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    #151850

    Lower than expectations may be more appropriate.  Saying A:OC lost money would be premature & dubious.

    The only foreign promo-marketing trip made by Meryl for A:OC was in Paris so they could have conserve some costs.

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    seabel
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    #151851

    A lot of those actresses are the ones consistently mentioned as being the most major victims of Streepesy (aka the disease that has made people in Hollywood think that Streep is the only 60+ actress allowed to star in films), but all of them are still working, just in different areas.

    LMAO, no, it’s all about Streep getting all the good roles.

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    Scottferguson
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    #151852

    I know AOC lost money because I can do simple math.

    AOC had a publicly admitted budget of around $25 million. It is said that key participants (Streep, Roberts, Wells, Clooney, Letts) took far less than normal in exchange for 1st dollar deals – that is, the more a film grosses, the more they make, right from the start. Based on normal % of first dollar and the number of participants, that could easily mean the pre-marketing budget was $30 million, if the (often lower than reality) figure was right in the first place.

    So we start from around $30 million.

    Marketing in the US – for a multiple-week wide release film, initial weeks high cost limited run, a very expensive Oscar campaign (TV ads, targeted member industry ads, screenings, receptions, 1st class/private jet talent travel) had to come to a mimumum of $25 million more, at the low end.

    So we are at $55 million bottom line expense.

    The film grossed $37 million in the US. My experience in the business and what TWC gets, particularly for a film where they are pleading for late week holdovers, is that they will get about 45 % of this. That comes to about $26 million recouped. So they are now at a loss of $29 million.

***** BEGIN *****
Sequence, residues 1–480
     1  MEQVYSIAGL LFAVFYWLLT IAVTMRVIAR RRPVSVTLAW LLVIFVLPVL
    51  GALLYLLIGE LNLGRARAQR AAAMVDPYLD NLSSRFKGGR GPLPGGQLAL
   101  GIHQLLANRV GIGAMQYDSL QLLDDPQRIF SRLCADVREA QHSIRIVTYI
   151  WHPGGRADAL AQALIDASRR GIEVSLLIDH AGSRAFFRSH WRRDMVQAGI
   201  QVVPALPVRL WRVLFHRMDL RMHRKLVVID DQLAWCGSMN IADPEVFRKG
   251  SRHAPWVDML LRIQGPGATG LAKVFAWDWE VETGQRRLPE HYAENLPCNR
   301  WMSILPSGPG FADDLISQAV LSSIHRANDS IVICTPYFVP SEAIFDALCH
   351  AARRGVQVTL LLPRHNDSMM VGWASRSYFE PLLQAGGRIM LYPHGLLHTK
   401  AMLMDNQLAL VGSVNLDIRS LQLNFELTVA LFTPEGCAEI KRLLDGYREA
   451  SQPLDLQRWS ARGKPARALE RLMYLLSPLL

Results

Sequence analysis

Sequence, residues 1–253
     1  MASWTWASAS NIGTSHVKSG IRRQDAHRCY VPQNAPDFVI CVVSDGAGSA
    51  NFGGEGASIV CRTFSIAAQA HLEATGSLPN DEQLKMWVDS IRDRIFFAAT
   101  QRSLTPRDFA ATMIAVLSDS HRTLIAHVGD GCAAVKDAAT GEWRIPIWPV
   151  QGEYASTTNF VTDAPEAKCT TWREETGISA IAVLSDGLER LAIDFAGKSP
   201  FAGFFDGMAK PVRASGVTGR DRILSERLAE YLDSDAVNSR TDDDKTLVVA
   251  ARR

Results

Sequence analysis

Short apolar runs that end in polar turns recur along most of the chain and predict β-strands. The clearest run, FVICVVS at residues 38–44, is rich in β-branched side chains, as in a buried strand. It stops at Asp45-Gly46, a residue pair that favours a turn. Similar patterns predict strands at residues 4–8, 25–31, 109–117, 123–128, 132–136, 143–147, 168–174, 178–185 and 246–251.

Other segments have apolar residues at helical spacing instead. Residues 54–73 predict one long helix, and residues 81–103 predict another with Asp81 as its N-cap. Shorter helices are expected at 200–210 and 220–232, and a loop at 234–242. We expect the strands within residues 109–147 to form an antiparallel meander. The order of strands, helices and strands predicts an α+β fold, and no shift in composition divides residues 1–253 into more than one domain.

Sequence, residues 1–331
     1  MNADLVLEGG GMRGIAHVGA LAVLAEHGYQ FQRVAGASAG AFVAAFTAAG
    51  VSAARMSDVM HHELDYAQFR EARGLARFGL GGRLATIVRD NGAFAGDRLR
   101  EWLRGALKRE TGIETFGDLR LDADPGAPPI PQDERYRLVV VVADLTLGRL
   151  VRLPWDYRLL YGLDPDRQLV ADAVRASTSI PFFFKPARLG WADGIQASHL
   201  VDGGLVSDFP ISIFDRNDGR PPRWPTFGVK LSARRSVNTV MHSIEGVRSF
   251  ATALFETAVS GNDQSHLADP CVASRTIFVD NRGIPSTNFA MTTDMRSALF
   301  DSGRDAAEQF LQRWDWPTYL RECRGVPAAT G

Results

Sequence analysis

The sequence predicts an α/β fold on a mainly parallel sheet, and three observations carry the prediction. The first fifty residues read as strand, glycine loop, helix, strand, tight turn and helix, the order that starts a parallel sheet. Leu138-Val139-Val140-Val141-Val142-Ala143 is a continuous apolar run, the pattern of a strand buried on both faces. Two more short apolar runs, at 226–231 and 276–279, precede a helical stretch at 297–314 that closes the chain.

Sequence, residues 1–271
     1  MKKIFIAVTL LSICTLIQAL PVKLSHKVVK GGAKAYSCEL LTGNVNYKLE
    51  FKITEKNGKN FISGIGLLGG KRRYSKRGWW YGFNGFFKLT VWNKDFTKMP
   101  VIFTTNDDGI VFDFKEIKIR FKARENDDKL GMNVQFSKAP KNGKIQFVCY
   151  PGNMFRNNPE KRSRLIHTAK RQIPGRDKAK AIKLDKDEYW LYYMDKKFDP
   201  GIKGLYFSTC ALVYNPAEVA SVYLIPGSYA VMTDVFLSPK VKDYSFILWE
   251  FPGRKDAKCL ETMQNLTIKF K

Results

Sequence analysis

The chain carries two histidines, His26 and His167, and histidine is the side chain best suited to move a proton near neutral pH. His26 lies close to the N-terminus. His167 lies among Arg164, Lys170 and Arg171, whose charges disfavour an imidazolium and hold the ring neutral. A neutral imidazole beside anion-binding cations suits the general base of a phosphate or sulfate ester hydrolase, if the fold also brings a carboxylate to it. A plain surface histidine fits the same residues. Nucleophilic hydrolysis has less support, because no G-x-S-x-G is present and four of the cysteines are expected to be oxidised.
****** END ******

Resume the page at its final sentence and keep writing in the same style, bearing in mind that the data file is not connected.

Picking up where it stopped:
They sold the film to territories around the world. They only get more money if, after release expenses are added, those companies show a profit. It is unlikely that this happened. My guess – very rough, but again, based on experience – is at a high end, they sold the film for at most $10 million, since this did not seem up front like a commercial international film.

    So we are now down to a loss of $19 million.

    Based on a $37 million domestic gross – what a film grosses is used as a factor in determining cable sales (not a big issue here, since TWC mainly shows up on Netflix streaming) and DVD sales (not such a big factor these days, with this film likely to be a minor seller), they might get, to be extremely generous, after costs deducted another $7 million back.

    So – at the most generous of accounting – it might be a loss of $12 million. Because of “creative accounting” it will end up on their books as more than $20 million.

    Had TWC known going in that this would only gross $37 million domestic, it would never have been made. The calculations likely projected $75 million+ minimum.

    As for Philomena and Blue Jasmine – apples and oranges. Both films grossed around $100 million worldwide, much more than the mid-70s of AOC. Both cost a half to a third of what AOC did to make. Both had considerably smaller marketing budgets (BJ much lower – including Oscar campaign, maybe $10 million, possibly lower). My guess is TWC, because of their high spending on Philomena, will lose a small amount of money on the film. SPC made money on BJ. The producers of both films likely made a decent profit. 

    To add: I didn’t even include distribution costs. Every theater that plays a movie in digital format has to have a unique (because of security) card made up for it. Unlike prints, they can’t be reused. Each one costs around $1200. Based on its widest break and adding likely additional theaters along the way, that means another $4 million in costs entirely for TWC to pay and set off against earnings. And they have to pay for delivery of these (not as expensive as prints, but 10s or thousands or more dollars).

    So my loss figures above – which didn’t include this – are too low.